When I was seven, Day recorded that “Tad wrote a composition about his mother. She was afraid of it. She forced a smile and asked, ‘Is it full of bad things?’ He said he didn’t want anyone to read it. Going to bed, she worried about it, and next morning, while he was upstairs, she peeked at the composition. It says, ‘Her voice is like a moonbeam, her living room is a palace and I love her. She would have been a princess. She is very pretty and she is interested in sports (at least she listens) and I wouldn’t want another one.’ She leads me out to look at it, and when I’ve read it, I look at her. Tears start from my eyes, and tears from hers.” My first big descriptive lie.

You are a flat stone. You begin to skip across the lake, generating ripples that spread with unpredictable effect. According to the theoretical math that attends moving water, there’s nothing to stop a skipping stone from—once in a great while—causing the lake to explode. My father expected an exploit at that level.

Day and Mom wrote up life plans every few years, so they could embark on more projects, develop more friendships, and wring more from each day. My father envisioned his working life as a tripartite affair, like the U.S. government or the Christian godhead. History, fiction, action. Whichever arena he was laboring in seemed less promising than the others. When he sent poems such as “Torpor, Wrapped in a Turkish Towel” to small reviews, they boomeranged back. So he turned to his history, a comparative study of Indonesia and the Philippines under Japanese occupation—and then began to doubt the book’s merits. Should he junk the project and really do something with his life? Mom told him, “A cook doesn’t commit suicide because the soufflé has fallen.”

Like many public men, Day bloomed at the lectern. But he bloomed even more abundantly in private, writing of the delight he took in his fresh-cut lawn and in the fragrant steam rising from a cup of Lapsang souchong—and of his shame at failing to live up to his image as a public man. His mind poured compulsively onto pocket-calendar pages, hotel stationery, envelopes, Post-it notes, and restaurant menus, covering them with aphorisms, poems, fears, regrets, and prayers—a red thread of fervor woven into the snowy vestments of his rational mind. He kept detailed records of haunting dreams: of thwarted urination, of futile effort, of erotic reveries of all kinds. His nightmares mortified him; he lived in dread of his unbridled imagination.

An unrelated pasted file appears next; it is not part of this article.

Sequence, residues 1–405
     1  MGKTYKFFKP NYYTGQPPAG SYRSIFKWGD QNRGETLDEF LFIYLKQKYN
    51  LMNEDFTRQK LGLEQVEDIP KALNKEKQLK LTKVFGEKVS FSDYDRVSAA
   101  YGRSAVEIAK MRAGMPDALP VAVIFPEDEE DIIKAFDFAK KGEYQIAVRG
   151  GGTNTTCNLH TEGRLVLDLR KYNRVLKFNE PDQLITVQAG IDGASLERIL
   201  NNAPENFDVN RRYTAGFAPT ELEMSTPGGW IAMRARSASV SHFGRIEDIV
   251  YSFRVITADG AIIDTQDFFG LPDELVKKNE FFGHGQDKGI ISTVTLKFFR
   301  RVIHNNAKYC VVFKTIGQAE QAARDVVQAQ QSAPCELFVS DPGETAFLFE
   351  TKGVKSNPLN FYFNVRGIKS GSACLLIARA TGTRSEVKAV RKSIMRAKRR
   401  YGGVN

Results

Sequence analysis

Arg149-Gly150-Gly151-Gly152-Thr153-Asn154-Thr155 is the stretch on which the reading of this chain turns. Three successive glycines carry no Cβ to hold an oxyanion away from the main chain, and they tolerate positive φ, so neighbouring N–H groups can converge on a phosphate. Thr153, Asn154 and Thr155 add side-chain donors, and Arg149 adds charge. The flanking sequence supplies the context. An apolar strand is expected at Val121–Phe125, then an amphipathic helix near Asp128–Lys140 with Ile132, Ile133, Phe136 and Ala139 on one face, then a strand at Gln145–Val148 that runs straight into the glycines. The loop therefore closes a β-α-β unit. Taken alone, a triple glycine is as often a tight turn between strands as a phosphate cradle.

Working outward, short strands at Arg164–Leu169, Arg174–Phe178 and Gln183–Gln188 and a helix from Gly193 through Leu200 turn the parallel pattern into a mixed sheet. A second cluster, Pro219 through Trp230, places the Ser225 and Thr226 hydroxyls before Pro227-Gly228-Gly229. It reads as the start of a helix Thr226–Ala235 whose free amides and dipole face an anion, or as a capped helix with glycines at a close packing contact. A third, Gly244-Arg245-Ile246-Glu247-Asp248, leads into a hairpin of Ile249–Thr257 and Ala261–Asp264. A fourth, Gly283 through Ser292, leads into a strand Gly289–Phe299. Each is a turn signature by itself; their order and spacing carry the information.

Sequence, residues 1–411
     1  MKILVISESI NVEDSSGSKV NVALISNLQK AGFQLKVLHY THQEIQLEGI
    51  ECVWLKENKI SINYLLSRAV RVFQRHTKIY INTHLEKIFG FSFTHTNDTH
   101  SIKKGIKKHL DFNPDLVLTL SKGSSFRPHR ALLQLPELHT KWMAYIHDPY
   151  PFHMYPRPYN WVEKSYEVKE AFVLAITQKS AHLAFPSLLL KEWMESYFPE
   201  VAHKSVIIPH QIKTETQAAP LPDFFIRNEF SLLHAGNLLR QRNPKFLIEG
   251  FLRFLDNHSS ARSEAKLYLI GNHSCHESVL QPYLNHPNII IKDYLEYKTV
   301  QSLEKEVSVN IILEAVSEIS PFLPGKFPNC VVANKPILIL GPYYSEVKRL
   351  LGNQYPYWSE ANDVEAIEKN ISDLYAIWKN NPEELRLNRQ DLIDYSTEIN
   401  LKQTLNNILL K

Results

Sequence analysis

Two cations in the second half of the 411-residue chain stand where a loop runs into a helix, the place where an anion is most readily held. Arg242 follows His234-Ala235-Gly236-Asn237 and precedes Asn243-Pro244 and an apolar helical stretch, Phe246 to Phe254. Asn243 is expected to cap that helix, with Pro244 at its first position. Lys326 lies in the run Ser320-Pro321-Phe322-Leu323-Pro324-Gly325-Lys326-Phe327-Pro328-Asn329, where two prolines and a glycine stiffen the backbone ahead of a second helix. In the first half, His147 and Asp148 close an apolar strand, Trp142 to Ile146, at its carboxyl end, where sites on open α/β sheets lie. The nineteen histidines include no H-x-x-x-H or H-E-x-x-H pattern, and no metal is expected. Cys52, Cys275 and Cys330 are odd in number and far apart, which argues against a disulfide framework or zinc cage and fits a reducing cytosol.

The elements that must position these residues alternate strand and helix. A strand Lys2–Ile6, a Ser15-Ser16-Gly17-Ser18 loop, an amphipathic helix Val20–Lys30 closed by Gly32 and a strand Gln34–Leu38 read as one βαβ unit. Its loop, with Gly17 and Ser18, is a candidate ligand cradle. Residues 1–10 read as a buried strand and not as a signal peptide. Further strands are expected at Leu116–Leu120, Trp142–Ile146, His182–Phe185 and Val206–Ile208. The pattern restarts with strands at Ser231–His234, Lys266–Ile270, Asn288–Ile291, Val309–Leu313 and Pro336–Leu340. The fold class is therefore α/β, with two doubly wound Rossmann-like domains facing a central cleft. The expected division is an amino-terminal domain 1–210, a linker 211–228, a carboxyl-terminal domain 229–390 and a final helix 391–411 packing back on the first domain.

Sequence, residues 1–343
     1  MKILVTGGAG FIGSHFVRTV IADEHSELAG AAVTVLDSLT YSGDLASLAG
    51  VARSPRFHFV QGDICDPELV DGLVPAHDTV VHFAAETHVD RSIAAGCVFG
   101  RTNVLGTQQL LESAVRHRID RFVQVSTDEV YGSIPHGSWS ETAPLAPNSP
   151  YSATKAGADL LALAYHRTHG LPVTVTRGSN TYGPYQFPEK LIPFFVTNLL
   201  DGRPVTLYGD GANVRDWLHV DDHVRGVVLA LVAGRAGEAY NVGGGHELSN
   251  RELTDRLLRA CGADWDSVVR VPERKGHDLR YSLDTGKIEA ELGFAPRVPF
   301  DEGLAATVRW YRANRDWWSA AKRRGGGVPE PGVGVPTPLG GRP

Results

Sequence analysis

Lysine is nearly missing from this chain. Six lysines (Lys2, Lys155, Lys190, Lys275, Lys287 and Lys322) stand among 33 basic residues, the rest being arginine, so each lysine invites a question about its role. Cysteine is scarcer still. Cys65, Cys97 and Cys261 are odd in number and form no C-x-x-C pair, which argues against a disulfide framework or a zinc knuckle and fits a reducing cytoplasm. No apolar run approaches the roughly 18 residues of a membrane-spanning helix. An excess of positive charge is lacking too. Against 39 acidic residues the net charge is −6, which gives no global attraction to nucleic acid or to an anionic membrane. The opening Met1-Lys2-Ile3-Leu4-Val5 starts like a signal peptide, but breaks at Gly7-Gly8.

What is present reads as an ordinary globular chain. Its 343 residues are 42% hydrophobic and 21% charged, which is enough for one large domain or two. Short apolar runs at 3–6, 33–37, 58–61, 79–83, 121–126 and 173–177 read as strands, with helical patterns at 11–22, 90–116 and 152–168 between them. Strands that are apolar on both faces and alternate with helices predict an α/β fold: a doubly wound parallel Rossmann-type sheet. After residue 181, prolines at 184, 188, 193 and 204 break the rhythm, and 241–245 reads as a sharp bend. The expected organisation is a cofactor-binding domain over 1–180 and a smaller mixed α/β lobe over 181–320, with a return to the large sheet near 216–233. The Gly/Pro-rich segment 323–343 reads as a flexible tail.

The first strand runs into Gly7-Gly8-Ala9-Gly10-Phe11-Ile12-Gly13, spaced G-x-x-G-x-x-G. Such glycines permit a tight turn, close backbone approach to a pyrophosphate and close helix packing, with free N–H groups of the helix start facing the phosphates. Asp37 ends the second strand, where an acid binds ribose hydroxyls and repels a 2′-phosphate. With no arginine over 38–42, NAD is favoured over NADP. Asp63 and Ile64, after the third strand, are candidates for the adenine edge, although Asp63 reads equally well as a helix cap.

Family life consoled him, somewhat. “I woke the child and put him in the back of the station wagon with a blanket and pillow; and she climbed back there too with a comforter, and I drove us over the bridge to the Lake’s other side and looked at the city, the city’s lights, with the eye of a tourist,” he wrote, in 1965. “She was droopy as a fern. And said the next day it had been one of the happiest times in our marriage.” In his journals, he usually called me “the child” or “the boy”; people often struck him as ideas incarnate, as Jesus was. Even as his children grew up and acquired professions (my brother, Pier, in finance and my sister, Timmie, in interior design), we usually appeared as subsets of his own capacities. In 1990, he wrote, “One son likes money; the other, words. My daughter likes massage. I like money, words, massage, and sacred music.” O.K., Zeus.

During the nine years my father spent at Swarthmore, I don’t remember ever talking to him for long before his attention reverted to some faculty uprising or administrative perfidy. Constantly simmering, he often boiled over. Once, on a call with his stepmother, Eugenia, a world-historical harpy, he began waving the phone at his crotch. In a note to himself, he wrote, “I knew, in my narcissism, that I saw myself as Saint Sebastian, and loved the role. That I would will a suffering, so long as it were significant, and neither accidental nor degrading. I suppose I have found it in a college presidency.” Meanwhile, I’d slink off to my room to listen to songs like “Bad Company” and “Dream On,” because they suggested a world beyond Swarthmore, a world full of drugs and outlawry and skintight pants—a world that was not actually in my future, but that gave me hope for a future somewhere else.

Mom was a poet in college and took up painting in her forties, but letters were her chief expressive form. In 1980, she wrote me a prismatic note about how she and my father had gone to New York, “Day on college business, me for fun,” and a friend from Long Island “whisked me to La Grenouille for lunch. The room is filled with fresh flowers + the light bulbs have been dipped in some scarlet pink glaze so that all who enter look ravishingly healthy + glowy: apparently the same technique used to be used on the Orient Express + Garbo had the famous interior designer Billy Baldwin steal one of their silk lampshades so he could reproduce the color throughout her boudoir!” She refracted life into bright bars of color.

Day, too, preferred to communicate with us by mail: a letter not only foreclosed an immediate rejoinder but could be revised until it was nearly rejoinder-proof. When I was four, Mom noted that when I saw one of his edited drafts I said, “It looks like it was in a fight.” While travelling, he photocopied his correspondence and mailed or faxed it to each of us—twenty-page analyses of cultures we were unlikely to experience and people we’d almost certainly never meet, which seemed aimed mostly at posterity. Though he often lodged a personal P.S. in the margin, to close the distance between us, his letters began to have the opposite effect.